These days, most digital devices can be remotely accessed by an operator during a maintenance or programming session. Utilities also need to track and log these accesses, especially for security auditing or troubleshooting. Native Vendor Tools (NTV) provided by IED manufacturers often have limited log capability (if any) and that doesn’t meet the requirements for an enterprise-level system.

A central remote access system provides secure remote access to a device while it logs every exchange between the user and the device and saves this log in its internal database for further investigation if necessary. This type of system can also leverage a central authentication system such as MS Active Directory to authenticate and authorize users before they can access a device. 

Configuration tracking

Keeping track of the configuration of the devices in a small substation is fairly easy. On the other hand, keeping track of all devices in a utility with many (often remote) substations is quite a big challenge. With standards such as NERC CIP that need every configuration change to be reported, companies need an enterprise-level application that can automatically monitor the configuration of each device in the system and notify the right people in case of a change. A user should also be able to compare two configuration files to better investigate the changes and to spot unauthorized modifications, if any.  

Asset monitoring

The concept of asset monitoring began to sound practical when feeding various nonoperational data to the control centers became more practical and affordable using new technologies. Asset monitoring can cover a wide range of applications, but the general idea is to use the nonoperational data from IEDs in the field and process them using some predefined algorithms to produce or predict new information on different aspect of the system such as health, potential problems or upcoming maintenance.   

Event and oscillography files

Right before and during a fault, data fault recorders generate event and oscillography files. These may help a protection engineer to better investigate the cause of a fault and take necessary measure to readjust the system to prevent  future similar faults.

Such files are internally stored in a protection device and normally need to be manually downloaded from the device. Even if the device is remotely accessible, a user should take time to go through the files to find the new ones and then download and share them in case more than one person requires access to these files.

A better approach would be to have an automated system monitor the protection devices and download the new files when they become available. Such a system can also send notifications to the stakeholders with the files attached to the message or a link to the folder where they can find a copy of the files. This system can cut the operational cost by automating the download process and decreasing the time it takes for the information to become available to the operators.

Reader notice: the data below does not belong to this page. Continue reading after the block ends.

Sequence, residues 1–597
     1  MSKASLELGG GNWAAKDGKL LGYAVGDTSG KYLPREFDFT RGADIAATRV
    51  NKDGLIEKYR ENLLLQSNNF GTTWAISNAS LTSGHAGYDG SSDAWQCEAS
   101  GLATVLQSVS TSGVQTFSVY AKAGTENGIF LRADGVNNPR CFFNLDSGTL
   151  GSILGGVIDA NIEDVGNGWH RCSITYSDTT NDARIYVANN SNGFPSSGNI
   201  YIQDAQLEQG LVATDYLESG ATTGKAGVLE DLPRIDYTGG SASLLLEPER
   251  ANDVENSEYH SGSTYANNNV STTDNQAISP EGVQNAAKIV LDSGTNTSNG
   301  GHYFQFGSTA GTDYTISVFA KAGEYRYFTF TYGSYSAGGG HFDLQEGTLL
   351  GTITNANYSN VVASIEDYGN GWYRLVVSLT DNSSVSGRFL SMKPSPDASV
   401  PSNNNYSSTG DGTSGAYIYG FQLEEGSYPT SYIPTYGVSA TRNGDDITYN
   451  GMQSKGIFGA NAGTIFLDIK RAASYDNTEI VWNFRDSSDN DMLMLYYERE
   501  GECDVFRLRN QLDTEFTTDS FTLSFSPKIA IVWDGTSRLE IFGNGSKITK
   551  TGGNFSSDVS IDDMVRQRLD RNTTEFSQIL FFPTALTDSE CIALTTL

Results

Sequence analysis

Condition-based maintenance

By analyzing information coming from devices in the field, an application can predict when and why a particular device or equipment may need maintenance. Condition-based maintenance can eliminate sudden and unpredictable substation shutdowns that could happen when a piece of equipment fails abruptly. It can also help utilities to lower their maintenance costs by planning their maintenance in advance and combining multiple maintenance sessions into one based on the information they get from a condition-based maintenance system.

Substation cyber security

Cyber security was not a concern during early years of digital control systems. Most of the communication was done using dedicated such as telephone lines and modems that where not visible outsiders Security was not even an issue in the initial design of the internet infrastructure but the more it became available to the public, the more vulnerabilities were detected. Newer technologies have tried to address the problems caused by a shared link accessible to anonymous users.

Security threats can be categorized into two main types:

  • Voluntary threats can be caused by people inside or outside of a company that deliberately try to initiate a failure or to access and steal information